When the pulse amplifier 17 is conducting, or is turned on, the output signal therefrom changes the state or mode of the conventional voltage-controlled multivibrator 20 over a conductor 51 and simultaneously frequency modulates the conventional radio frequency oscillator 21. A radio frequency choke coil 53 is disposed between the multivibrator 20 and the I input signal to the detector and integrator circuit 16 exradio frequency oscillator 21. For each seismic impulse detected by the geophone 12, such as a footstep, the multivibrator 20 is swept through a range between 2-3 kHz. It is the exponential portion of the output signal from the pulse amplifier 17 that controls the extent of the frequency range for the voltage controlled multivibrator 20. It also is the exponential portion of the output signal from the pulse amplifier that frequency modulates the radio frequency oscillator 21. Accordingly, for each seismic impulse detected by the geophone detector 12, such as a footstep, the radio frequency oscillator 21 is frequency modulated for a complete sweep while the voltage controlled multivibrator 20 is swept. While reference is made to the exponential portion of the pulse for controlling the operation of the radio frequency oscillator 21 and the multivibrator 20, it is apparent that the decay portion of a sawtooth pulse performs the same control operations.

Connected to the output of the radio frequency oscillator 21 over a conductor 55 and connected to the output of the multivibrator 20 over a conductor 56 is the radio frequency amplifier and amplitude modulator circuit 22. It is the output of the multivibrator 20 that amplitude modulates the radio frequency signal at the input of the radio frequency amplifier 22 through a connection to the base electrode of a transistor 60 in the radio frequency amplifier and modulator circuit 22. Through this arrangement, the bias on the transistor 60 is varied or there is base injection to modulate the radio frequency amplifier and modulator circuit 22. The output of the radio frequency oscillator 21 is connected to the base electrode of the transistor 60 in the radio frequency amplifier and modulator circuit 22. The collector electrode of the transistor 60 is coupled to a resonant output circuit 65, which is coupled to the antenna 23 through a coupling capacitor 61. For regulating the carrier frequency of the transmitter 10, the inductances of coils 63 and 64 in the radio frequency oscillator 21 are adjusted to the same resonant frequen- During standby or quiescent time, only the amplifiers 30-32 and their bias circuits are consuming direct current power. The remaining circuits are off. .The re sistance values in the amplifier circuits 30-32 are selected at relative high values to consume very low standby power from the batteries 25 and 26. Thus, long battery life is attained by standby operation until the seismic impulse of an intruder is detected by the geophone 12.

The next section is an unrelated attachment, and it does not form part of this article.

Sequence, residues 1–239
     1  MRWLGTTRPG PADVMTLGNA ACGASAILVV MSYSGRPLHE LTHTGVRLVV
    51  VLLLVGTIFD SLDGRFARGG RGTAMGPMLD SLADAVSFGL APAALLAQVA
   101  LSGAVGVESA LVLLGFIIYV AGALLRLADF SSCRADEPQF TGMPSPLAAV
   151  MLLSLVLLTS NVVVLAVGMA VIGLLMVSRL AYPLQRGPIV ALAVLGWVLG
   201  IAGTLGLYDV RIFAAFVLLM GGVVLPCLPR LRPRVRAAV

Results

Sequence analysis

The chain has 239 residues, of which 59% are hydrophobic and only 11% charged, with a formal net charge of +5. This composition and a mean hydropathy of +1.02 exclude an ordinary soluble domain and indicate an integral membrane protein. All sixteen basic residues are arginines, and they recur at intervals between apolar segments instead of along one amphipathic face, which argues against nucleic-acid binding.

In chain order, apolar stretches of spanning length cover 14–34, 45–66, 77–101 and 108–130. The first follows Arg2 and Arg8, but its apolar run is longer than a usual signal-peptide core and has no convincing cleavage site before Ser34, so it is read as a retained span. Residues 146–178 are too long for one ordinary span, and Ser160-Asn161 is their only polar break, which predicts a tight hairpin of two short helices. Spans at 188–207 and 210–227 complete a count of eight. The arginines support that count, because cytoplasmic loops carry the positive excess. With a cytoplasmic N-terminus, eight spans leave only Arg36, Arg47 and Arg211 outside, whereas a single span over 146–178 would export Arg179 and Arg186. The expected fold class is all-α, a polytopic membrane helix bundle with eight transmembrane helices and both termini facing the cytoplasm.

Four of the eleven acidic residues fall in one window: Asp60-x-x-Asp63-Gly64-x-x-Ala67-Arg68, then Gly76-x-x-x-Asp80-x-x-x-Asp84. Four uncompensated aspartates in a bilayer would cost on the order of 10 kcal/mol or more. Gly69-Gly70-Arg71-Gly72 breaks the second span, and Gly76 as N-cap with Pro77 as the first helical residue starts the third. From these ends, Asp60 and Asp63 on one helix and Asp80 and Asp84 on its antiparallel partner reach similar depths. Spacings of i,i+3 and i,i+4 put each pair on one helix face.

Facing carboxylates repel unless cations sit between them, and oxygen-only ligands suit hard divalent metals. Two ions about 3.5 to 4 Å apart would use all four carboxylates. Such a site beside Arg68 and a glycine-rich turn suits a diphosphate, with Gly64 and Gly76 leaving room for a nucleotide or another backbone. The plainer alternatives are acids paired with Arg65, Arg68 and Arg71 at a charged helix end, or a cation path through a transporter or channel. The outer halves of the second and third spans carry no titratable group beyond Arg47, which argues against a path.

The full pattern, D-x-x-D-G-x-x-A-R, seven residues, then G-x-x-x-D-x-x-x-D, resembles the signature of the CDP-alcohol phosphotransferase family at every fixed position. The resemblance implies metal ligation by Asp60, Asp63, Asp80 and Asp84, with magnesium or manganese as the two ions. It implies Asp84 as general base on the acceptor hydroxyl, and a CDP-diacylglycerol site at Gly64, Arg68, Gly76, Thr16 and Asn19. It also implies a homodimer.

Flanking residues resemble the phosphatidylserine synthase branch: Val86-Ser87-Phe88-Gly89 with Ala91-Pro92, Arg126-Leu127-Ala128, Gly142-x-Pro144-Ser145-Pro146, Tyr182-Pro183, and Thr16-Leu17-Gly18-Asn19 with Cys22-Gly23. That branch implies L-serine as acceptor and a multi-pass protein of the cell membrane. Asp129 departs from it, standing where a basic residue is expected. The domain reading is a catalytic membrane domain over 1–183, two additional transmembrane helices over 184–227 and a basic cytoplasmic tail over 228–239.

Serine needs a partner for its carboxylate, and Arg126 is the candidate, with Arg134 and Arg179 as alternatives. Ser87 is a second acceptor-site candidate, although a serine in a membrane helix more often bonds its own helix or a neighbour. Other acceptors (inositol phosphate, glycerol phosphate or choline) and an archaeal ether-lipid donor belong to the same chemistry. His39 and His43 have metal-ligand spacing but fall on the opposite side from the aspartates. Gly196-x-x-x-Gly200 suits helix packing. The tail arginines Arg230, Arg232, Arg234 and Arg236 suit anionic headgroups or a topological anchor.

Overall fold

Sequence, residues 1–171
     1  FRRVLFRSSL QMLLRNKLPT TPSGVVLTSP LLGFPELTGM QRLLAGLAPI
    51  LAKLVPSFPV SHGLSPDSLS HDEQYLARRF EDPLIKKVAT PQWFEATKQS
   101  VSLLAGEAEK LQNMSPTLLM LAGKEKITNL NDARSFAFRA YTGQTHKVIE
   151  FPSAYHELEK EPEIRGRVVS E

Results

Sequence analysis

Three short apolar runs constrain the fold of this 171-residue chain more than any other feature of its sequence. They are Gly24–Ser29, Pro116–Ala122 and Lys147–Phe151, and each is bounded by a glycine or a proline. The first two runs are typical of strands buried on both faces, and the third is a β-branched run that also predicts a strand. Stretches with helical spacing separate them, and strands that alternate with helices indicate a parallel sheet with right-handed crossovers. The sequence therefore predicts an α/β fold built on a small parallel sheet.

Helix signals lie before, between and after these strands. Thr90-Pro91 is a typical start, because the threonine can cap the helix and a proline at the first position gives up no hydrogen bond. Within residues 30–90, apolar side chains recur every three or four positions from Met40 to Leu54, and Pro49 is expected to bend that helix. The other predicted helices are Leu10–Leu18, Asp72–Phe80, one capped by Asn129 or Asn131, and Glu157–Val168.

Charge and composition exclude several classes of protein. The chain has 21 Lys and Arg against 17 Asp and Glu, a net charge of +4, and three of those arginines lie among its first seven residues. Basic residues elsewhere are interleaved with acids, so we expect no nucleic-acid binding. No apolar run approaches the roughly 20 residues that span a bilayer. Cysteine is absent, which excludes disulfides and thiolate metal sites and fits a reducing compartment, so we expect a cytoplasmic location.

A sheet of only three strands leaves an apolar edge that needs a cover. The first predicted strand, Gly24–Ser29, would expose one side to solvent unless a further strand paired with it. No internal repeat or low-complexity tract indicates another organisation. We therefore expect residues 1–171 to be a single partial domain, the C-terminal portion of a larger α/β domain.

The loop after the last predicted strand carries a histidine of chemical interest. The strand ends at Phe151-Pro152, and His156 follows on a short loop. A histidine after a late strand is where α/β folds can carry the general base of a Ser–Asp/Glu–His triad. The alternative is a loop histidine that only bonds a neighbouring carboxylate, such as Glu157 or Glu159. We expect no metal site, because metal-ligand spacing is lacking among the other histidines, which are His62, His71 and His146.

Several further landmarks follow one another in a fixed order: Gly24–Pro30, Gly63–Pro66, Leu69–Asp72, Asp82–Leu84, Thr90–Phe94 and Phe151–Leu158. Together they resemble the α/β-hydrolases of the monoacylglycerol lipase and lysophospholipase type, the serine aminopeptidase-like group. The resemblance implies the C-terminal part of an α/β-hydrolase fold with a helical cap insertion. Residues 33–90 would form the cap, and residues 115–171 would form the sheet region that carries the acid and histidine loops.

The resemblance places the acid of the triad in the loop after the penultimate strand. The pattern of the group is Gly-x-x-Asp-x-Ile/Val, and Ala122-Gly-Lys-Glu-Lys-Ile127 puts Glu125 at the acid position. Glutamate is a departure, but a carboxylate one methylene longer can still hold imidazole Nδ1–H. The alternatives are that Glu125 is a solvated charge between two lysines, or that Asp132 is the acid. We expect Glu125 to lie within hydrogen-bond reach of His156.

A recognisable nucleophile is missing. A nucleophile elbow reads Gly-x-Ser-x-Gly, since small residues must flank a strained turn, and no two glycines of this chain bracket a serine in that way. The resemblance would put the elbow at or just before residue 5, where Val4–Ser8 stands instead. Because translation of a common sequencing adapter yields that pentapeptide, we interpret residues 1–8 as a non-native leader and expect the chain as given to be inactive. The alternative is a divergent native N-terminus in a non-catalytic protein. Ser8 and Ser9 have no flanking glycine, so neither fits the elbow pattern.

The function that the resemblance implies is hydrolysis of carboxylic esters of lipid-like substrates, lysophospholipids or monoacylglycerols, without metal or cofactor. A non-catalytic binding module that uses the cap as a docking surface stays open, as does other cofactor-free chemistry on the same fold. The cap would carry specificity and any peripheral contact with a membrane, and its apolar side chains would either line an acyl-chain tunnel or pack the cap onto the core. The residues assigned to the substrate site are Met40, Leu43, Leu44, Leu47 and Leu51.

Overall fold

In the operation of the transmitter 10, the geophone detector 12 detects each seismic impulse, such as a footstep, produced by an intruder. Each seismic impulse has an amplitude and frequency varying tone. The geophone detector 12 converts each seismic impulse into an alternating current signal with amplitude and frequency varying components.

The amplifier 15 amplifies the alternating current signal produced by the geophone detector and feeds the amplified alternating current signal to the detector and integrator circuit 16. In the exemplary embodiment, the forward bias on the transistor 40 of the detector and integrator circuit 16 is 0.6 volts. When the ceeds 0.6 volts, which is at a time the transistor 40 conducts or is turned on. While the transistor 40 conducts, the capacitor 45 charges. When the transistor 40 is tumed-off, the capacitor 40 discharges through the resistors 46 and 47. The discharge time for the capacitor 40 is between t, and t; and is equal to C R R lR R Thus, the capacitor 45 and the resistors 46 and 47 form a sawtooth signal with the amplitude variation and frequency variation of the geophone audio frequency signal integrated therein. The time periods 1,, hand t are shown in FIG. 1 in connection with the waveforms illustrated therein.